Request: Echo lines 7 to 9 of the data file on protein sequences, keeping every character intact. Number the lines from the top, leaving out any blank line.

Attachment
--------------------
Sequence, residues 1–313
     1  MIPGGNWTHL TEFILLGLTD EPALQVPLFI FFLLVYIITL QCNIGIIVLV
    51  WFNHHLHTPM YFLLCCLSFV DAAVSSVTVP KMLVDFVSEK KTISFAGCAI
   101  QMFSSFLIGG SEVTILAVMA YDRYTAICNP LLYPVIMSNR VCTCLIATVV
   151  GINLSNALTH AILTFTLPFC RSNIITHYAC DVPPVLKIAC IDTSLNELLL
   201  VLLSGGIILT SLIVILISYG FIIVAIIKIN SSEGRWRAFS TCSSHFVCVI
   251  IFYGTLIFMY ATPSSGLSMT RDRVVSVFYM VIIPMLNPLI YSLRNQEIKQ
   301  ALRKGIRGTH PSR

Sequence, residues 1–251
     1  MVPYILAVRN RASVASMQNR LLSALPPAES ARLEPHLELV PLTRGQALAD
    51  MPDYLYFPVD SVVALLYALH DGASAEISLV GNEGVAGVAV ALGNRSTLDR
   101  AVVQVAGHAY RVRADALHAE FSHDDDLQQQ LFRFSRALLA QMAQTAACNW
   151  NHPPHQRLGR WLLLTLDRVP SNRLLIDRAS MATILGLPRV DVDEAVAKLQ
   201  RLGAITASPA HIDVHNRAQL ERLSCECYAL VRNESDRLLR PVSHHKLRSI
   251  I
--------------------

   251  IFYGTLIFMY ATPSSGLSMT RDRVVSVFYM VIIPMLNPLI YSLRNQEIKQ
   301  ALRKGIRGTH PSR

Sequence, residues 1–251